Artist Eleni Theodora Zaharopoulos Talks to TNH About Her Work

By Eleni Sakellis

NEW YORK – Greek-American artist Eleni Theodora Zaharopoulos recently received a New Works Grant for Individual Artists funded by the NYC Department of Cultural Affairs/ Greater New York Arts Development Fund in partnership with the NYC Council, part of the Queens Council on the Arts (QCA) 2017 Queens Arts Fund.

Born and raised in Queens, Zaharopoulos now divides her time between New York City and Detroit, working on collaborative and solo projects that range in shape and size. Her interdisciplinary, whimsical, and thought-provoking work has appeared at the Shanghai Biennale, Flint Public Art Project, Jack NYC, and the Museum of Contemporary Art Detroit, among a variety of venues.

Zaharopoulos spoke with The National Herald about the grant, her work, and what inspires her as an artist.

TNH: Arts funding seems especially under threat lately, so as an artist, how do you cope and what does the QCA grant mean for you at this point in your career?

ETZ: Getting the QCA grant is tremendous! I am so incredibly grateful to the New York City Department of Cultural Affairs for this opportunity. It makes me very sad knowing that certain elected officials don’t care about the arts and I’m scared about the future of arts funding in New York and the nation at large. When an artist has a project supported and then actualized more opportunities become available for that artist. Relationships are built and networks inherently grow as the artist builds a foundation for themselves. I worry in general for all artists out in the world trying to make a living. Professional artists are special creatures who should be celebrated and supported, not ridiculed and cast aside. It’s a shame how much we have to compete for such limited resources.

TNH: What inspires you as an artist?

ETZ: People! More specifically my family and friends. I am interested in building bridges between people and places through acts of invitation and participation.

TNH: If you weren’t an artist, what would you choose as a profession?

ETZ: I’d probably be working for the family business, haha.

TNH: Where in Greece is your family from?

ETZ: My parents are both from small villages in Peloponessos. My mom is from Potamia just outside of Sparti and my dad was from Simopoulo which is near Pyrgos. They met in Astoria in the 60’s.

TNH: What upcoming projects and exhibitions of your work we can look forward to?

ETZ: My next project is called the Malba Arts Project and it is what I received the QCA grant for. It’s a collaborative arts project taking place this summer in my childhood home that temporarily transforms private into public as a means to introduce arts and discourse into the neighborhood of Malba, Queens. I am currently seeking participating artists for it! More info about it can be found online at: malbaartsproject.tumblr.com.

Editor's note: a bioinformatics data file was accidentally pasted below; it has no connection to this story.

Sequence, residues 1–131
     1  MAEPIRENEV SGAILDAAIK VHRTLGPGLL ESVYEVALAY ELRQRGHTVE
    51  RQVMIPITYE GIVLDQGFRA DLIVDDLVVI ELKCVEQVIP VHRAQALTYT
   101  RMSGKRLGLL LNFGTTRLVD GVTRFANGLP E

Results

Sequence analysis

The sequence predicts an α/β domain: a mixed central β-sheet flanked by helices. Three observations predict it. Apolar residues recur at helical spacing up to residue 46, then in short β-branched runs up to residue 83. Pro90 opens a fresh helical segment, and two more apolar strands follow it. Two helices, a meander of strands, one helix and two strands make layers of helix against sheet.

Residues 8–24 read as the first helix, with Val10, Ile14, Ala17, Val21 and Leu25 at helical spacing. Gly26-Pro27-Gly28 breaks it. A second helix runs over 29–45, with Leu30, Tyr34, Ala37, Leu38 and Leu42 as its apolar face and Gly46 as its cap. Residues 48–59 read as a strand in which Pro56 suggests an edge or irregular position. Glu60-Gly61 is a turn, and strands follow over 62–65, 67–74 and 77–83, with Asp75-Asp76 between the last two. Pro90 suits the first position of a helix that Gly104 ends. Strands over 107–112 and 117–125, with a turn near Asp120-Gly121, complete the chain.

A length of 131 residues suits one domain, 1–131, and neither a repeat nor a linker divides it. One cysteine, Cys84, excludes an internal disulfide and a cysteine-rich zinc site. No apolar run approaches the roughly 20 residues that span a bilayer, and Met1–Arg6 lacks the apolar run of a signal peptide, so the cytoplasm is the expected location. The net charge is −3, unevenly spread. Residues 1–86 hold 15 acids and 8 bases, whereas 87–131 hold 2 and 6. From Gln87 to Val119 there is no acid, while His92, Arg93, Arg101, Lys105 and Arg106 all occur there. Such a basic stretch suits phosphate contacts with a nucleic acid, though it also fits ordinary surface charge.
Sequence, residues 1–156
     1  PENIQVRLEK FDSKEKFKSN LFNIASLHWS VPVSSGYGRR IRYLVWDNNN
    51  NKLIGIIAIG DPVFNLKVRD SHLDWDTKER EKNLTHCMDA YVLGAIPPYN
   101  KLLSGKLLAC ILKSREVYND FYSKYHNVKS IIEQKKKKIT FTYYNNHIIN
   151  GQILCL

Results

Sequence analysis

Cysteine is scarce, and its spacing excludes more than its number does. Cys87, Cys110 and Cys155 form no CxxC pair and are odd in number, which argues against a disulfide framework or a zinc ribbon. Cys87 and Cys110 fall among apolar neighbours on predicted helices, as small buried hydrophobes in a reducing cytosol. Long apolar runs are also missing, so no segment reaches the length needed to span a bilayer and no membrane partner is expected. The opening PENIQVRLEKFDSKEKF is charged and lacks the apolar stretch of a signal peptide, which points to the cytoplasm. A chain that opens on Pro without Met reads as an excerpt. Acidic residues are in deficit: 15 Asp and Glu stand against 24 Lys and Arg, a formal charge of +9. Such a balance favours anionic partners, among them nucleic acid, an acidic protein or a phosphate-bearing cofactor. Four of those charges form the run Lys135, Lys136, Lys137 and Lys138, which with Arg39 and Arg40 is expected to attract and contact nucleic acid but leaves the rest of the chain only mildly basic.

I am co-facilitating the following discussion at Movement Research with two collaborators on May 9th: https://movementresearch.org/event/4823. I am also currently in residency at Flux Factory, located in Long Island City, and will have a show in their gallery the beginning of August. I’m still working on the show’s theme but it will most likely combine art and commerce.

TNH: Where can people view samples of your work?

ETZ: A photo essay I did about Athens called Athens Lifted can be viewed online: http://www.infinitemiledetroit.com/Athens_Lifted_by_Eleni_Zaharopoulos.html.
Lifted has two meanings in this project. One is to elevate the city itself and the other meaning is to plagiarize because I created my text by lifting and combining sentences from articles about anarchists in Greece and from Athens travel guides.

More information about Eleni Theodora Zaharopoulos is available on her website: www.happyabandon.com.
The Queens Arts Fund provides funding for projects throughout the borough in a wide range of disciplines, enabling residents and visitors alike to experience high quality art all year long.

The Queens Arts Fund is committed to supporting emerging artists from diverse cultural backgrounds, working within all disciplines to create work that provides open and equal access for audiences in Queens to further racial and cultural equity. The Queens Arts Fund will distribute 124 grants in over $284,000 to 36 Queens individual artist grants and 67 arts organization grants in the disciplines of visual arts, film, theatre, multi-media, literary arts, dance, and music.

The awardees, an incredible group of creative thinkers, represent a wide range of cultural activities that will take place throughout Queens year round. All awardees were selected in a competitive peer panel process through the 2017 Queens Arts Fund grant cycle.

QCA is the borough-wide arts council of Queens. Its mission is to foster, and develop the arts in Queens County and to support individual artists and arts organizations in presenting their cultural diversity for the benefit of the community. More information is available at www.queenscouncilarts.org.


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